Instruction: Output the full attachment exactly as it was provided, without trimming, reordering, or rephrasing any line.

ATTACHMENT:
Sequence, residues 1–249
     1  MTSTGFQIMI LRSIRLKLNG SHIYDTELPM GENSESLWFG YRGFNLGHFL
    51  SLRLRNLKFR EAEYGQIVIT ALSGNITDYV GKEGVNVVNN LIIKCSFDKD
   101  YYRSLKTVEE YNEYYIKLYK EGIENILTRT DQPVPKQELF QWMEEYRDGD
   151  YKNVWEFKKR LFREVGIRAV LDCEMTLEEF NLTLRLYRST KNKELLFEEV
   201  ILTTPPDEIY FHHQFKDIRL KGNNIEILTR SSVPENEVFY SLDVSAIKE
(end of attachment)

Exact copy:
Sequence, residues 1–249
     1  MTSTGFQIMI LRSIRLKLNG SHIYDTELPM GENSESLWFG YRGFNLGHFL
    51  SLRLRNLKFR EAEYGQIVIT ALSGNITDYV GKEGVNVVNN LIIKCSFDKD
   101  YYRSLKTVEE YNEYYIKLYK EGIENILTRT DQPVPKQELF QWMEEYRDGD
   151  YKNVWEFKKR LFREVGIRAV LDCEMTLEEF NLTLRLYRST KNKELLFEEV
   201  ILTTPPDEIY FHHQFKDIRL KGNNIEILTR SSVPENEVFY SLDVSAIKE